As my eyes met Dave’s, I could see the whole story…, a little payback for an old-timer who took the time to bring him along fishing years ago. Where are these ol’ timers  like Bob Lorenzen now?  In their later years they are often unable to handle their own boat, or maybe even unable to drive to a fishing spot? Take a look around my friends.   It’s great to think about taking a kid fishing, but just don’t forget the old- timers.

  • Oswego Brown Trout Fishing Charters…, Fussy Spring Brown Trout

    Posted on March 23rd, 2018 admin No comments

     

    Some butt kickin' Flutterdevles for spring browns, including the Blue Lazer, second from left.

    If any species of fish on earth is more selective than a spring brown trout in shallow,  crystal clear Great Lakes water, I don’t know what it is.  On every spring brown trout charter out of Oswego Harbor Mr. Brown Trout reinforces that.  No other Lake Ontario salmonid is fussier or more fickle. 

    One such experience occurred during a spring charter trip one morning off Four Mile Point east of Oswego Harbor.  The first couple hours the early morning bite was hot and heavy and my charter was having a ball.   Everything we did was right, with brown after brown coming to the net until the rippled lake surface went flat calm.  Browns were actively feeding on the surface, but we couldn’t get a hit.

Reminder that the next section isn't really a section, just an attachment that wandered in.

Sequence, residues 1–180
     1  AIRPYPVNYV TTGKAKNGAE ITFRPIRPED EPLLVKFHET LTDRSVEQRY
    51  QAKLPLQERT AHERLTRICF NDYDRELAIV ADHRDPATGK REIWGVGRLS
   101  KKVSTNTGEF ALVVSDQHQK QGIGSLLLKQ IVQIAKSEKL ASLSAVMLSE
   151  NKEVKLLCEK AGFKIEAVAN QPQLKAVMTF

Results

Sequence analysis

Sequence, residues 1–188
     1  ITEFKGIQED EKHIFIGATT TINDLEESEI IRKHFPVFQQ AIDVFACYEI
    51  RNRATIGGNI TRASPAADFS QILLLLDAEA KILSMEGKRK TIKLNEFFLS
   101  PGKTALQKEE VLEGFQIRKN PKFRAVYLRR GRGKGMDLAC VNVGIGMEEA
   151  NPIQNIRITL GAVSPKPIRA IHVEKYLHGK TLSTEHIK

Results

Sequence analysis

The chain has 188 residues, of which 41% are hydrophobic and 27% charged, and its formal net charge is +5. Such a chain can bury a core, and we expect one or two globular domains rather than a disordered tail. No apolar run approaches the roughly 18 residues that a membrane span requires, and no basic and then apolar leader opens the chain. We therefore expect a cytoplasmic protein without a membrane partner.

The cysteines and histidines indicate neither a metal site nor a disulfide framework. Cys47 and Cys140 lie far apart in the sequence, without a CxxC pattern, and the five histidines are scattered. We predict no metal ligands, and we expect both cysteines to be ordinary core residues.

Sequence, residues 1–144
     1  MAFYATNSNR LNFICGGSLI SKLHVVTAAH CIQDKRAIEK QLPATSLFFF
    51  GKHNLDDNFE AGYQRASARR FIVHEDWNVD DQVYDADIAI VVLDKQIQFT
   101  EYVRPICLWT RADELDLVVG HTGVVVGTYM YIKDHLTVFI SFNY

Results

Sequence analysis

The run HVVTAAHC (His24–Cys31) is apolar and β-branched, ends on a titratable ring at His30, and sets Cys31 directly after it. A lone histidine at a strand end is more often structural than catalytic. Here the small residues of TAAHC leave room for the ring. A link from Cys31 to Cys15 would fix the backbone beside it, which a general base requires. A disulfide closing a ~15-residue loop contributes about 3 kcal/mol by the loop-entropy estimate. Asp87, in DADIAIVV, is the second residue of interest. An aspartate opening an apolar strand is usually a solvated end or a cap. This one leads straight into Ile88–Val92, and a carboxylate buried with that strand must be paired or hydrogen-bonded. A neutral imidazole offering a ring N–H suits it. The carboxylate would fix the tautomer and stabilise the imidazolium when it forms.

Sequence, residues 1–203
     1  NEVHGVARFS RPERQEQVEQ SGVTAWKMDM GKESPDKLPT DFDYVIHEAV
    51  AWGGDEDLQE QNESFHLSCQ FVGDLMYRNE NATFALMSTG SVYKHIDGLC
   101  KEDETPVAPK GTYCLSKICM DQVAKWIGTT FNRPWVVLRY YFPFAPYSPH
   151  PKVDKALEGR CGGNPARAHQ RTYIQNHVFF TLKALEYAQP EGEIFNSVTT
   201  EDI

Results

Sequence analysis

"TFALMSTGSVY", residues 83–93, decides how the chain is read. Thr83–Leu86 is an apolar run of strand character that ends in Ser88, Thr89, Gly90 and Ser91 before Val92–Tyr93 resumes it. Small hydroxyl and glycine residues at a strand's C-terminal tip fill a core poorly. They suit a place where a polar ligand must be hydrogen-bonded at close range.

I tried a repertoire of favorite lures, lighter leaders, longer setbacks, erratic trolling speed, and did everything else in my spring brown trout book, but nothing.  Then, on my lure hanger snapped to the transom, I noticed a hammered silver Eppinger Flutterdevle, freshly doctored with a strip of blue sparkle laser tape a friend had sent me two weeks before.  It hadn’t been in the water since I taped it up.  With nothing else firing, and browns rolling on the surface all around us,  in desperation it was worth a try. 

     With the spoon 100 feet back behind the boat, I started to attach the line to a planer board release and a 4 lb. brown ripped it from my hand.  The next try with the same spoon was an exact repeat except this brown weighed 10 pounds.  We couldn’t keep that spoon in the water, and the other nine lures we were trolling weren’t getting a touch. 

     That incident proved to me  and some happy charter custommers just how selective a Great Lakes brown can be.

     

     

     

     

  • Lake Ontario Trout and Salmon Charters…, Crazy Spring Cohos

    Posted on March 17th, 2018 admin No comments

     

    Spring cohos like red!

    We watched my 16” flat screen in amazement as not one, but four cohos darted around behind the red #00 dodger and green hummer fly trailing 5’ behind my underwater camera on the center rigger set 15’ below the surface.